Saturday, August 10, 2013

The Fair Way to Resolve Duplicate Referrals

In the midst of a hiring frenzy, companies often enjoy and appreciate the variety of candidates they receive through multiple resources.  These resources include recruiters, employees, professional network and through personal connections.  When a candidate has been referred twice in six months by different people, you might believe this person is a great potential fit because two resources you trust vouched for them.  But, if the two resources are competing recruiting firms, you could find yourself in a very uncomfortable situation.

Companies with good Human Resources management will outline a duplicate referral clause providing recruiting partners insights on how the Company treats duplicate referrals.  This typically serves to take the pressure off the company, and the hiring manager, without forcing them to decide who receives commission for the referral.

But what does a duplication in efforts, including referral, say about the relationship between the candidate and their representing firms?  Is this an indication of a lack of communication?  Is it simply a case of don't ask, don't tell?  This can happen when the candidate does not connect the dots on the similarity of company and job description, or wasn't given a full description or company name.  In some cases a protective recruiter who has been asked the identity of the hiring company will give the response "Confidential client until interview request".  Or, did the candidate choose not to disclose knowledge of the prior referral in hopes of increasing his/her odds of getting an interview?  Some Companies have a zero tolerance policy and end up "throwing the baby out with the bathwater".  In other words, they dump the candidate completely and tell the recruiting partners to improve their screening process or else.

Whatever the case may be, it seems like there are no easy answers.  But, there actually is a few simple solutions that may resolve the conflict without a falling out or loss of face for all parties.  It's easy to track correspondence and put a date/time stamp on who got the resume to you first.  However, delivery of the resume is execution of an email and tells you nothing about which recruiting firm generated interest and/or approval to submit the CV.  This is a factor that should be considered carefully before making a judgement call.  On the outside chance the candidate did not communicate with their recruiters, but instead had the competing firms submit simultaneously, you could have the wrong type of person interviewing for your coveted role.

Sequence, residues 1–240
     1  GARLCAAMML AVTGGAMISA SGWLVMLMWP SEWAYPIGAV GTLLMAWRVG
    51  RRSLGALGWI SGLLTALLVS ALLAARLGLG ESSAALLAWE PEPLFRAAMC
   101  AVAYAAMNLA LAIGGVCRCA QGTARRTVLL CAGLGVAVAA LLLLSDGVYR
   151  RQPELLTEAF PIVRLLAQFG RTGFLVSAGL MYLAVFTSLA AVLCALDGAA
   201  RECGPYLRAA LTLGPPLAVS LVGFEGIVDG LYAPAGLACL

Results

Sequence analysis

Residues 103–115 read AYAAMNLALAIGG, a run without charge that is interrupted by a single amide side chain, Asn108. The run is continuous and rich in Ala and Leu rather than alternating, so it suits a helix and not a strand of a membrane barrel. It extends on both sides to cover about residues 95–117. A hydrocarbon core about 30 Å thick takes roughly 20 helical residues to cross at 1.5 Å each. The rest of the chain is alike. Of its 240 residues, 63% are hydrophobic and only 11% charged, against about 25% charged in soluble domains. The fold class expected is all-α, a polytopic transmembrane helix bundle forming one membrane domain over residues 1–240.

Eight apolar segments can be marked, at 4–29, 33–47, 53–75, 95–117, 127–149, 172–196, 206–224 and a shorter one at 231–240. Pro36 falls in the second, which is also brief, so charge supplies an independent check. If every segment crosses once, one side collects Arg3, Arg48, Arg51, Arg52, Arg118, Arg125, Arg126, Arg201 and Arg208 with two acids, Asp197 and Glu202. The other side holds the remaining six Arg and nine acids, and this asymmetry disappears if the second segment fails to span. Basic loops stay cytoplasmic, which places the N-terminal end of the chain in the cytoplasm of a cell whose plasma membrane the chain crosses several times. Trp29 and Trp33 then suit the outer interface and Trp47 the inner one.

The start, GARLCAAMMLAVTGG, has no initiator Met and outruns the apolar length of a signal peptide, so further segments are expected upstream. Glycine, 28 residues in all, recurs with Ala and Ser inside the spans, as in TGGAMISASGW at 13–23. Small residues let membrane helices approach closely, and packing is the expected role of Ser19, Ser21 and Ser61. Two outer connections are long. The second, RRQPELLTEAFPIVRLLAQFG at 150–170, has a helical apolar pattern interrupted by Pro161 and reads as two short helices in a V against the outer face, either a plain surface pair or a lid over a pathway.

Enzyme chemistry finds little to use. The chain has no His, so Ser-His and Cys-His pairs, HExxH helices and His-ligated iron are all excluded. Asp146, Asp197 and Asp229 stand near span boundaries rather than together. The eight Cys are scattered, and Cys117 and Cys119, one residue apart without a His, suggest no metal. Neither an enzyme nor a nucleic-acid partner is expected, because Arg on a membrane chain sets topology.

Get the facts!  Find out which firm has known the candidate longer, the date the firm sent the candidate the position summary, when they received approval to submit, and when they followed up with you, the candidate or your HR partner on the referral. 

A candidate whose resume has been submitted without his/her knowledge and consent is an innocent bystander and should not be penalized.  If they admit to working with both firms but was unaware their resume was submitted twice, that could indicate foul play on behalf of a recruiting partner.  In a desperate moment to gain traction or increase their activity, a recruiter may submit a resume before receiving approval from the candidate and only alert them once an interview has been requested.  This is considered a normal practice in many contingency firms, but it is unprofessional and should not be tolerated.

A candidate who has knowingly pitted two recruiting firms against each other cannot be trusted to behave in an ethical manner relative to a competitive situation.  If this is the case, you may want to rethink both the candidate and the type of people your partner firms are representing.  True, we cannot always know what a candidate will do in a high pressure situation.  But, if we have built a proper relationship with them, the odds of them doing anything to embarrass themselves or the firm are pretty low. 

In the end, a duplicate referral does not need to slow or disrupt your hiring process.  You may need to come to a new understanding with your partner recruiting firms if it happens more than once though.  The greatest consideration may be given to which of the recruiting firms you work with demonstrate a consistent high quality screening and submission process.  If they practice simple methods for avoiding duplication, such as discussing the company in detail, and asking outright who the candidate has sent their resume to, it is unlikely they will disappoint you with multiple duplicate referrals.

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